Thu, Jan 20, 2005 - Page 8 News List

Editorial: Hopes for peace in Bush's next term

US President George W. Bush will today be sworn in to a second term in the White House. Academia Sinica President Lee Yuan-tseh (李遠哲) will represent President Chen Shui-bian (陳水扁) in offering Bush the congratulations and the best wishes of the people of Taiwan. The US is the light of global democracy and the world's policeman, so Bush's inauguration will therefore not only affect global peace, but bring world attention to the matter of cross-strait stability.

Anyone familiar with international politics must agree that the greatest challenge to US diplomacy is a clash of civilizations between the US and the Muslim world, and the question of how to deal with China's rise in Asia.

Taiwan has limited contact and is not very familiar with the Muslim world but it respects the traditions and values of every civilization. The people of Taiwan believe in universal values such as democracy and human rights transcending ethnic traditional values. These are values that transcend the borders separating different cultures and should be cherished by every civilization.

The question of China's growing strength directly clashes with the traditional friendship between Taiwan and the US since Washington's China policies have a direct impact on the quality of Taiwan-US interaction.

Bush will not be controlled by electoral concerns during his final four years in office. Nor will he be as likely to be controlled by vested interests. He will be able to let go and demonstrate a politician's vision and ideals. Hopefully, Bush will be able to strengthen his insistence on the universal values of democracy and human rights in the US-China relationship, and carefully measure the latent threat that China poses to the Asian region, while at the same time offering stronger support for Taiwan's democratic development and its realization of human rights.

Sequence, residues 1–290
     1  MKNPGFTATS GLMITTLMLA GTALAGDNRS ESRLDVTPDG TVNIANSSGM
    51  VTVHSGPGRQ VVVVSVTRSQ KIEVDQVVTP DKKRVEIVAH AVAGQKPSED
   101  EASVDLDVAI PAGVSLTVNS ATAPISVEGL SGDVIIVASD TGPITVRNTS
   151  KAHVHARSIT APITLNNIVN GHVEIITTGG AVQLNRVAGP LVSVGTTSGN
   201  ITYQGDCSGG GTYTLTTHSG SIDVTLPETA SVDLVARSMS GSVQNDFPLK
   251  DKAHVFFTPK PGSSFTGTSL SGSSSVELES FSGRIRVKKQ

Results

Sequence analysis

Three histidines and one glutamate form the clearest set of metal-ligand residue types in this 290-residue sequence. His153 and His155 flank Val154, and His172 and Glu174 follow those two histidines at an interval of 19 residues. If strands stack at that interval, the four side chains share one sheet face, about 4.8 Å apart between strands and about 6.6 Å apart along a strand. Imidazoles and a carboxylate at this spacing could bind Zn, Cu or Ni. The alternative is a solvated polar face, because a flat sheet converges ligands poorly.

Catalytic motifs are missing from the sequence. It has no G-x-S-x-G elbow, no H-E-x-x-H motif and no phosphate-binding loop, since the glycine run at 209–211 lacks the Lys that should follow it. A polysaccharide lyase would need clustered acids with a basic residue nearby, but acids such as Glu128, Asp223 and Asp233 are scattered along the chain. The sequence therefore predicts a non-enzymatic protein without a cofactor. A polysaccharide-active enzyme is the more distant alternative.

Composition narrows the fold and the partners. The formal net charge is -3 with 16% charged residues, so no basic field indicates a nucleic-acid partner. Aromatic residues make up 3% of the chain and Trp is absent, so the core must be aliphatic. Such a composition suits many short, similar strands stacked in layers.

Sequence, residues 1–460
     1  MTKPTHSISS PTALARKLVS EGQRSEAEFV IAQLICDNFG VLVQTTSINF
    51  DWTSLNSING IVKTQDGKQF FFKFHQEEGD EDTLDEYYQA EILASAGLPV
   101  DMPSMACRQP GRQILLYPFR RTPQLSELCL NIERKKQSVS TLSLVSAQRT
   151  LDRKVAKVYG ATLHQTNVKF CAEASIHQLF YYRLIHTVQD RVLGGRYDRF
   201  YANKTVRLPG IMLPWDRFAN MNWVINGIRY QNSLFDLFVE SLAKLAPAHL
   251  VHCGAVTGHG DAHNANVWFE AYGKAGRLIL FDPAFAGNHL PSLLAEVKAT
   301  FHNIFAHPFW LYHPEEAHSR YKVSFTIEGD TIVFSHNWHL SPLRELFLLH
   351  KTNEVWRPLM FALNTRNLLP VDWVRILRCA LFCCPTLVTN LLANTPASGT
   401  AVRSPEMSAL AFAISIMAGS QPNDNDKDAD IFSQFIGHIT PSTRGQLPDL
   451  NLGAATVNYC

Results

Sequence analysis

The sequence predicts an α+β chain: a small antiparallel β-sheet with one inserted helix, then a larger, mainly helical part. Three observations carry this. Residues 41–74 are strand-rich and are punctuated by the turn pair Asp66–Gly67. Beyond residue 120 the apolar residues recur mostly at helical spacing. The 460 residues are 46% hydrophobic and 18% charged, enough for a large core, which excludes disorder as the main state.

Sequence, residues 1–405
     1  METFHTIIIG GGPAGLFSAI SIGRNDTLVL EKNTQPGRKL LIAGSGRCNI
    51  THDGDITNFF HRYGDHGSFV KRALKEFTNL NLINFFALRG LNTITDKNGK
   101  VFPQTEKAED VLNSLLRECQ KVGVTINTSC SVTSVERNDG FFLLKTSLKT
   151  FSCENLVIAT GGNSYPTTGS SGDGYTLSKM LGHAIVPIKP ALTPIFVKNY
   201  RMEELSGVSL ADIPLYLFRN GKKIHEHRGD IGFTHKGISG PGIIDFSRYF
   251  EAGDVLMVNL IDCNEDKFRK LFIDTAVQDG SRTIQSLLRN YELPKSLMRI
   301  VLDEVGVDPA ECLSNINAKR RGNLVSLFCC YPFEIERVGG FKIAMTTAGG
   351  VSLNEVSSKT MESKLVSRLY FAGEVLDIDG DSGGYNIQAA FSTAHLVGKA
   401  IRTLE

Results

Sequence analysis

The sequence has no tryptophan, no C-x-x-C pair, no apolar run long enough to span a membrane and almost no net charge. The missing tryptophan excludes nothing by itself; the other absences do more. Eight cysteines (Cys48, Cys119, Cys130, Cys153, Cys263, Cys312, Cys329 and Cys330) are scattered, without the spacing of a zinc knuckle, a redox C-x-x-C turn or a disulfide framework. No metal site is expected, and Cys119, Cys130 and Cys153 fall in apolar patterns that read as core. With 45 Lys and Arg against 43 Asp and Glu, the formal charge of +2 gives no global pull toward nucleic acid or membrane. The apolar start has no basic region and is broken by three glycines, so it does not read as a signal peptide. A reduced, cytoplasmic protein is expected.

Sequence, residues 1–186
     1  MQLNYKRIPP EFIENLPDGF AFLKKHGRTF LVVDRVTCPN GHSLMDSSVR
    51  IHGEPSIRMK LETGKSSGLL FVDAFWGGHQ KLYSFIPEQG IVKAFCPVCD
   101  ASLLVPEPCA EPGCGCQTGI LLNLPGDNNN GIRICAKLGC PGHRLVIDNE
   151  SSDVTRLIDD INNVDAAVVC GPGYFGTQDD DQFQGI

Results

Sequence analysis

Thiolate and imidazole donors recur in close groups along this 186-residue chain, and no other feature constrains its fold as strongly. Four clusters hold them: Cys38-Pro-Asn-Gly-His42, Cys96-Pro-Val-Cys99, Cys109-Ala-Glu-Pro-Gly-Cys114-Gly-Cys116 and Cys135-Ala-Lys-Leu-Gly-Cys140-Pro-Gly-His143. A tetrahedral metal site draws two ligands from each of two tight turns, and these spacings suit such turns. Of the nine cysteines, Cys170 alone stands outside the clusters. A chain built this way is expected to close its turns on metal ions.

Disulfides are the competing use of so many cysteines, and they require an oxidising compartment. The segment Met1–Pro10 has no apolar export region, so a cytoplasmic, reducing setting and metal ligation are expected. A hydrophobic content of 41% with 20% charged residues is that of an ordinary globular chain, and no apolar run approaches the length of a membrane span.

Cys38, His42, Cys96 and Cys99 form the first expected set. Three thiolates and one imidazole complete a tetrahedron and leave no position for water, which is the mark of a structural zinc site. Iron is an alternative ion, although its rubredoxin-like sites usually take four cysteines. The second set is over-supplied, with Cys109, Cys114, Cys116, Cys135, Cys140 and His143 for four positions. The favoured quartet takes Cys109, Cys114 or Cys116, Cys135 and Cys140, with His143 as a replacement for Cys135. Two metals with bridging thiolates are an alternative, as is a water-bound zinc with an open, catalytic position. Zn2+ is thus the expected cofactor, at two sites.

Taiwan and China share a common language and heritage as well as historical links. For this reason Taiwan is ideally placed to understand China's authoritarian nature. Taiwan should continue to caution the Bush administration that Beijing is manipulating guilt over China's treatment by Western powers and Japan in the 19th century, in combination with a rising tide of nationalism, its growing military might and the lure of its huge market, as a way of forcing the US to conform to its "one China" policy that oppresses Taiwan.

All nations that espouse freedom and autonomy should take care not to fall for the myth of China's "peaceful rising" and the bait of its massive market. Looking at a society in which economic and political issues are veiled in obscurity, we need to look carefully to see what is real and what is illusion.

Although Bush's involvement in the Iraq war has been repeatedly criticized, the fact that he won a second term shows that this involvement passes the test of US popular opinion. As a staunch ally of the US, Taiwan supports Bush in his war against terror, and hopes that by working with the US, stability in the Taiwan Strait can be strengthened and Taiwan's democratic reforms can avoid becoming a victim of manipulation from across the Strait.

On the premise that cross-strait security is not threatened, Taiwan is happy to assist the US in lighting the flame of democracy in China, for only if thousands of years of authoritarian rule can be overturned and replaced by democratic traditions can peace in Asia be assured. Only then will the two sides of the Strait put aside mutual suspicion, open up dialogue and resolve the gridlock across the Strait.

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